By Michael Holland –

The Adirondack Mountains in Upstate NY provide a beautiful opportunity for hiking. There are 46 mountains that are higher than 4,000 feet. I’ve spent some time climbing a few of the “46ers” and one challenge appears often: the false summit.

After a few hours of hiking you come to a spot where you’re sure you are coming up to the summit. Exhaustion begins to wane and a new-found energy is found. There’s an excitement of reaching the climax of the hike.

Then the huge let down as you realize you are not at the top but merely at a false summit.

Do you ever feel that way at work?

Your boss is pushing and pushing to get the blah, blah project completed on time and you’re working hard to reach that finish line. And just as you get there, suddenly, you are thrown into confusion as your boss informs you of an even bigger project that is starting up right away.

The brief relishing of success is flooded with an overwhelming feeling of dread.

  • Maybe it’s the acquisition that is just completing while a new, larger acquisition comes into view.
  • Maybe it’s the big software implementation that is almost live after a year of work only to find out there’s a big upgrade that must be implemented right away.
  • Maybe it’s the 2 years of working hard on implementing the departing CEO’s strategic plan which now will be thrown out as the newly hired CEO will want to start over with their own plan.

You can’t control most of the false summits that will come your way.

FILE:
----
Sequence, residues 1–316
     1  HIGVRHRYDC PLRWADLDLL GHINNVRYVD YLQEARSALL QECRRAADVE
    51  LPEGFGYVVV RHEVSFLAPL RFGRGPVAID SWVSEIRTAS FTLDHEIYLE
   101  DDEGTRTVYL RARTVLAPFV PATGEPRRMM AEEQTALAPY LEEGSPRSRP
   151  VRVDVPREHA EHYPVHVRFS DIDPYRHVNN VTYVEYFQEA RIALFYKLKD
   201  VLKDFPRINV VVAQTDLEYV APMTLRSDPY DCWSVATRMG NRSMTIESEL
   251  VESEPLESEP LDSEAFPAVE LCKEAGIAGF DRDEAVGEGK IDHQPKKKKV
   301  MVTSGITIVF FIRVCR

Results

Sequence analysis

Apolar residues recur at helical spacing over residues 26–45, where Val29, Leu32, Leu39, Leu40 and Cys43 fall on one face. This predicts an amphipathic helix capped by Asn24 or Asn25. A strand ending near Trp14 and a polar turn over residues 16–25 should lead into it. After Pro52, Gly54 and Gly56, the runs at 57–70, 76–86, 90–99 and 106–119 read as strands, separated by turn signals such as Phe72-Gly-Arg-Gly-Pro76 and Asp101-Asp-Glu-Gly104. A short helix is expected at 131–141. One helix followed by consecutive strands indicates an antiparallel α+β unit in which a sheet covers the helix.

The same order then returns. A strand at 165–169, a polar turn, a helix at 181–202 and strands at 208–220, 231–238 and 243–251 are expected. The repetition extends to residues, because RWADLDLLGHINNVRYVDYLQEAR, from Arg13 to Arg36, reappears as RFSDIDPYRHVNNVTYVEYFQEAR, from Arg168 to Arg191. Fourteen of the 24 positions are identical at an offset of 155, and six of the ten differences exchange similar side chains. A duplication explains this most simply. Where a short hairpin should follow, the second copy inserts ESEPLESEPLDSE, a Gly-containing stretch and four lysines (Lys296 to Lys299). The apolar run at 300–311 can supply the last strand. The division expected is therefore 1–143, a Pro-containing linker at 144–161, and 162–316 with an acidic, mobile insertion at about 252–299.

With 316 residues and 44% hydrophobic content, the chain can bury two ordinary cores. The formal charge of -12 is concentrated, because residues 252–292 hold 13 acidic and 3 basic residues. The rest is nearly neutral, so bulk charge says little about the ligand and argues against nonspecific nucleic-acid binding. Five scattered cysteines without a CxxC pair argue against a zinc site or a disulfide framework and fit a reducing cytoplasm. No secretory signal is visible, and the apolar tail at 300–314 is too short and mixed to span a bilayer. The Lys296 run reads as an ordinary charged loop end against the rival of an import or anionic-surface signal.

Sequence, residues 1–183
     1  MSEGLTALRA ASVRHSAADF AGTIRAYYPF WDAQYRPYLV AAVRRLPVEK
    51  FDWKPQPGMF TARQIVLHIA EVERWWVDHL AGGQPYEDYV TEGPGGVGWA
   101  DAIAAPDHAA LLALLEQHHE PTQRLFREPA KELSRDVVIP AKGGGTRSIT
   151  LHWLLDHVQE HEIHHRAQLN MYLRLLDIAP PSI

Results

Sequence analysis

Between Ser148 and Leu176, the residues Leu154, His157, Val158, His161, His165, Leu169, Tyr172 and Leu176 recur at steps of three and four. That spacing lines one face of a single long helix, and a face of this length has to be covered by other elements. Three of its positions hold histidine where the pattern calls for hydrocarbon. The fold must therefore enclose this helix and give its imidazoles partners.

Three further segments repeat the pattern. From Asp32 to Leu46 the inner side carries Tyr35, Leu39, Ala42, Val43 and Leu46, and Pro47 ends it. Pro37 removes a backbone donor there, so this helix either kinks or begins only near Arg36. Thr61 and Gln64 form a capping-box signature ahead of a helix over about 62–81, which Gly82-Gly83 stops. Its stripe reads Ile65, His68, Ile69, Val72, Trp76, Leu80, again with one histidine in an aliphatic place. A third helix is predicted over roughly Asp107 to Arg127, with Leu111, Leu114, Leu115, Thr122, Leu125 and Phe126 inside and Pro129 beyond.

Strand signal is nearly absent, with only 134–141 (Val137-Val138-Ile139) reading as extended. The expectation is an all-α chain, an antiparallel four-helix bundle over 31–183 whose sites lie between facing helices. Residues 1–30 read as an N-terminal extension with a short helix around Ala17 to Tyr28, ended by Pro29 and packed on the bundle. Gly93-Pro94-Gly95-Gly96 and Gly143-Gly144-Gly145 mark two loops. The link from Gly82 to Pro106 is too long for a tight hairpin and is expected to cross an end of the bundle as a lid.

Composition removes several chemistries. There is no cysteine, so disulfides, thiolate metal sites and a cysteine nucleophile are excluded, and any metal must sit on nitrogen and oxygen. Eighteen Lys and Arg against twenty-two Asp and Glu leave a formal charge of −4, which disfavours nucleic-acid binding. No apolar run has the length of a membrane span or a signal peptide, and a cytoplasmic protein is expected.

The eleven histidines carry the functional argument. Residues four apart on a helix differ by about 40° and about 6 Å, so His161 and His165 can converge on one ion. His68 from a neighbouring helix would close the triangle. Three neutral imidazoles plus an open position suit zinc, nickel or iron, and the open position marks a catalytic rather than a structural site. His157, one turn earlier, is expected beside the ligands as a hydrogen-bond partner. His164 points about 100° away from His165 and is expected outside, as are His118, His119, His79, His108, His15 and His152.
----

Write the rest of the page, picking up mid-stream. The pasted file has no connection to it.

But you can control how you and your team manage the expenditure of your precious health and energy resources to make sure you are moving at a pace that is sustainable over the long haul and over all the false summits that are coming.

And you can plan ahead for your team.  Create a plan now for how you will lead your team through a frustrating false summit.  Think of it as an emergency kit which could include things like:

  • Some preplanned activities or exercise that can help your team’s motivation.
  • Sample communications to help you with a framework to work off of.
  • A couple of clips from movies/shows that could be used as ice breakers at team meetings.
  • Some money to be used to order services or food or a jaunt to the ice cream place around the corner.

Coaching Thoughts – For You and Your Peers

  • What has been a recent false summit for you?
  • As you look back over the last year, were there some false summits that you threw at your team? Would you do anything differently?
  • Grab a peer leader and discuss ideas for your emergency kits and ways to help your teams move past false summits.